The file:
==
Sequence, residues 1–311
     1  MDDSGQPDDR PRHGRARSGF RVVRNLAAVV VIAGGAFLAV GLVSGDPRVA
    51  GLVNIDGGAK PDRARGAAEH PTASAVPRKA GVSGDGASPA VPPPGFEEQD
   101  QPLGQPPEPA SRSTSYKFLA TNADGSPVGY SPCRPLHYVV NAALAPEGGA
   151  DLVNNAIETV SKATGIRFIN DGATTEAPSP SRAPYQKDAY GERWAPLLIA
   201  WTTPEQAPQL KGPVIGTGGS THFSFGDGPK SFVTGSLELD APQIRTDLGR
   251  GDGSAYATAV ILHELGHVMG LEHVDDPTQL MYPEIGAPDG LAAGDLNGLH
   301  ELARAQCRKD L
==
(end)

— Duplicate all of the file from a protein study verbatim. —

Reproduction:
Sequence, residues 1–311
     1  MDDSGQPDDR PRHGRARSGF RVVRNLAAVV VIAGGAFLAV GLVSGDPRVA
    51  GLVNIDGGAK PDRARGAAEH PTASAVPRKA GVSGDGASPA VPPPGFEEQD
   101  QPLGQPPEPA SRSTSYKFLA TNADGSPVGY SPCRPLHYVV NAALAPEGGA
   151  DLVNNAIETV SKATGIRFIN DGATTEAPSP SRAPYQKDAY GERWAPLLIA
   201  WTTPEQAPQL KGPVIGTGGS THFSFGDGPK SFVTGSLELD APQIRTDLGR
   251  GDGSAYATAV ILHELGHVMG LEHVDDPTQL MYPEIGAPDG LAAGDLNGLH
   301  ELARAQCRKD L